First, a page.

Masters Thesis

PV integration in the Bonneville Power Administration balancing authority area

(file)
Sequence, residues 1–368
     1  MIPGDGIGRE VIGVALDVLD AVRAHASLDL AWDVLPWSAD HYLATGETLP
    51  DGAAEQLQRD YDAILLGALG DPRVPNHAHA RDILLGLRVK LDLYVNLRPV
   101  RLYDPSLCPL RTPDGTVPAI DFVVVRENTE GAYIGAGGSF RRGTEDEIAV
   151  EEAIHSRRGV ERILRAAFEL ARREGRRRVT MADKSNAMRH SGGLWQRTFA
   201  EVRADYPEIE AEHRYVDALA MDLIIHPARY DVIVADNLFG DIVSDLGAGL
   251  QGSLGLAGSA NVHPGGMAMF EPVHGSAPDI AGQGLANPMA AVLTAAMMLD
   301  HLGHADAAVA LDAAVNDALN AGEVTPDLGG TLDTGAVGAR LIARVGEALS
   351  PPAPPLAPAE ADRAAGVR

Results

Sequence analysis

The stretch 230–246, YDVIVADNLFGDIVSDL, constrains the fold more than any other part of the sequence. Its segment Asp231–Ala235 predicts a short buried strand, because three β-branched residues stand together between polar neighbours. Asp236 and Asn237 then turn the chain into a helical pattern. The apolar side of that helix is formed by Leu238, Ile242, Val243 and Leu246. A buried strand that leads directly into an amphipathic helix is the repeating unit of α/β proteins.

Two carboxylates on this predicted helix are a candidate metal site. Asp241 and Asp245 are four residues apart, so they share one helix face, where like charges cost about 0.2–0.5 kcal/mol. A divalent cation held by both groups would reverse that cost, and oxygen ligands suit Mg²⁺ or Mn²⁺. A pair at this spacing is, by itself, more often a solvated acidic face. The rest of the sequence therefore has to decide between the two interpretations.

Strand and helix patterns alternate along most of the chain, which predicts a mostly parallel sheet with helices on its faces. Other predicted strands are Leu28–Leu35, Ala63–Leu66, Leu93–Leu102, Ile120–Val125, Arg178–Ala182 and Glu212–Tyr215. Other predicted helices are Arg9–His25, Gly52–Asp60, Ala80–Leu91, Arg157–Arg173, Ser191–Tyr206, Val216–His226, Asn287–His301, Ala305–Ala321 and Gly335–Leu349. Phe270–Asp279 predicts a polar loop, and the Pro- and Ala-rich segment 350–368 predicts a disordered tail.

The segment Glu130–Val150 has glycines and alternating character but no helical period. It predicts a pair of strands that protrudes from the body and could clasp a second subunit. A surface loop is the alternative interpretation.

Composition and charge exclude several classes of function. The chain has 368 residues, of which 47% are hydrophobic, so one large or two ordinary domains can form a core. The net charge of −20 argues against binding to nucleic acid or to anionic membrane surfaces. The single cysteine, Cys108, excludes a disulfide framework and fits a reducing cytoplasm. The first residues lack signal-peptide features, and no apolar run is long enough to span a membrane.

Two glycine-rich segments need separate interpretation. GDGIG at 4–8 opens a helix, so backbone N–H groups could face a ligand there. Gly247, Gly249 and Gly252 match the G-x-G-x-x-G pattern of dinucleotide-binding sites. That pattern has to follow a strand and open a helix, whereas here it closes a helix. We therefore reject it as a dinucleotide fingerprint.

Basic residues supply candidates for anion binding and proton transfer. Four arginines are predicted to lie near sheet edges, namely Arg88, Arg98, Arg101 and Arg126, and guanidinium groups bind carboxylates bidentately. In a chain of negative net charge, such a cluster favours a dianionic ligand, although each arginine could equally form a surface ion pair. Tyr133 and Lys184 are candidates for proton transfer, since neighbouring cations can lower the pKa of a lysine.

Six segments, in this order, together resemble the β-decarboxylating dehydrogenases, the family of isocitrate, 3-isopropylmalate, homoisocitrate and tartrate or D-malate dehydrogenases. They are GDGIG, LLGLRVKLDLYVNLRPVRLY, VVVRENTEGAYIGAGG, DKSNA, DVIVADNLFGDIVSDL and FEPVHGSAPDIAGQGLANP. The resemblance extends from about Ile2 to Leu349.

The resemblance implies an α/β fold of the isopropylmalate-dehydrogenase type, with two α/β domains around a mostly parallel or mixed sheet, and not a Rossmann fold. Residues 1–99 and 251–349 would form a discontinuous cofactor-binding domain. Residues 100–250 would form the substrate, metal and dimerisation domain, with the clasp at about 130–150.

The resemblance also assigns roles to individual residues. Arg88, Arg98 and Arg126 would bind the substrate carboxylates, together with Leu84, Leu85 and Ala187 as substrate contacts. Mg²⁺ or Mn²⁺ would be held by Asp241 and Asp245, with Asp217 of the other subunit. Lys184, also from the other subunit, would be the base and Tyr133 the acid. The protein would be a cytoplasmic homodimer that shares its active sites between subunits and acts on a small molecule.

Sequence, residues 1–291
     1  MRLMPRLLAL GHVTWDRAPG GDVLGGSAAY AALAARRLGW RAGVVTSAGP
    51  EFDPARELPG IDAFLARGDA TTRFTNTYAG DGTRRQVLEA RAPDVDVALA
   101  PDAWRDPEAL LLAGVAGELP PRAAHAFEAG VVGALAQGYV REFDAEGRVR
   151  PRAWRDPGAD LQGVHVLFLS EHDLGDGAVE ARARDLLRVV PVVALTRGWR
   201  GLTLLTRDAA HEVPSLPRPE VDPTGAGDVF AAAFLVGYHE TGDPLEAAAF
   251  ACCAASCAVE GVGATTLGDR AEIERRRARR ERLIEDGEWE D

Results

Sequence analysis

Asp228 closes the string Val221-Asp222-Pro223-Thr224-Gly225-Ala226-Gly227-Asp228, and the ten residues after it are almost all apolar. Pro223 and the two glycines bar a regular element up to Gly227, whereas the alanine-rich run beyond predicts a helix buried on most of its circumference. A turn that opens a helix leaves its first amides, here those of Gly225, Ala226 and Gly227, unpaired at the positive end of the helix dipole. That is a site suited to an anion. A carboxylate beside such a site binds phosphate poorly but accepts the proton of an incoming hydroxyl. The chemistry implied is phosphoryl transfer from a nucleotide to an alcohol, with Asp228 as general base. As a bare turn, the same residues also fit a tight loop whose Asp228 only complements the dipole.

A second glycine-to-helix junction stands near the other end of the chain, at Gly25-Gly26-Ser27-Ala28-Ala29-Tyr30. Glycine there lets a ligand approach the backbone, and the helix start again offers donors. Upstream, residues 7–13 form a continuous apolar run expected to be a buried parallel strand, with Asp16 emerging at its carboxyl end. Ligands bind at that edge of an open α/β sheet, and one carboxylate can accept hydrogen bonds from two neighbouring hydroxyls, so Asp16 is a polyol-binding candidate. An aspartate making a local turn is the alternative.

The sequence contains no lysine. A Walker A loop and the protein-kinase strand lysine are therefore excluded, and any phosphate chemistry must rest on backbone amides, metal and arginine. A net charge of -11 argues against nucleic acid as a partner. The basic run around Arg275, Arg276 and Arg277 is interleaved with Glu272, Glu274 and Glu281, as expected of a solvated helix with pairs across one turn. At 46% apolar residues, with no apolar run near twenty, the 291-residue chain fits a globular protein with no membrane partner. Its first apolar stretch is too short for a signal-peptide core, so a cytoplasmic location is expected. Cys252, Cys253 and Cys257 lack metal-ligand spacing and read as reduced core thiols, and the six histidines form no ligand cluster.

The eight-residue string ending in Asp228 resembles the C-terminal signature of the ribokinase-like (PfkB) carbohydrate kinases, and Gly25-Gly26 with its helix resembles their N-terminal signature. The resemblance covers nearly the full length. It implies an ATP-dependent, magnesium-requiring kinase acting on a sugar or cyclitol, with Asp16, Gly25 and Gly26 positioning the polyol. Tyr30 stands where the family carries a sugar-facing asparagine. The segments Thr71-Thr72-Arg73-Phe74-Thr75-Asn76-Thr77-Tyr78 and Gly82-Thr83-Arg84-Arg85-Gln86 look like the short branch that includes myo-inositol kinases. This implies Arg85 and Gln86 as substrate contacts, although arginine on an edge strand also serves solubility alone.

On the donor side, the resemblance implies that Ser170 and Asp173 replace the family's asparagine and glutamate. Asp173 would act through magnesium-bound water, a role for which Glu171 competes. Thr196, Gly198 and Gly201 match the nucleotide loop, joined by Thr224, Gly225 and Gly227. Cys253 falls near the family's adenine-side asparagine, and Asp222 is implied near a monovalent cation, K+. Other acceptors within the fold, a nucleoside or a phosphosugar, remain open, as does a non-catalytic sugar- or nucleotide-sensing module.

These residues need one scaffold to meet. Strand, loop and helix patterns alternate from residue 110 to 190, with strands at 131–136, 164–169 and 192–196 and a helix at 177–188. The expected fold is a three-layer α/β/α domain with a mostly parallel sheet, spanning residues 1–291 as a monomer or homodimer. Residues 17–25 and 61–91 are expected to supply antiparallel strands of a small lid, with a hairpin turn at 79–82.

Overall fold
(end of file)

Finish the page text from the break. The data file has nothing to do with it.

In this study I investigate the accuracy and necessity of the Bonneville Power Administration (BPA) PV integration tariff, which was instituted in 2011. Note that, as of July 2012, BPA has not yet been responsible for integrating any PV generators onto its system. I use methods similar to those BPA uses to calculate its wind integration tariff. The temporal resolution of relevant solar insolation data within BPA’s balancing authority area (BAA) restricts the scope to following (10-minute) and imbalance (60-minute) balancing reserve requirements, while regulating (1-minute) reserves are not addressed. The following reserve component of BPA’s tariff comprises over 80% of the cost to PV generators. I find that, due to the integration of up to 100MW of PV generation, there is not a statistically discernible effect on BPA’s total following reserve requirements. For up to 200MW of PV generation, there is not a sound statistical basis for requiring PV generators to pay for a specific amount of following reserves. Further, the results demonstrate that for up to 50MW of PV generation, there is not a statistically discernible effect on BPA’s total imbalance reserve requirements. For up to 200MW of PV, there is not a statistical basis for requiring PV generators to pay for a specific amount of imbalance reserve requirements. In light of these results, I recommend that BPA immediately withdraw the PV integration tariff and postpone its use until a time when it is justified by the true balancing requirements for PV generators within BPA’s BAA.

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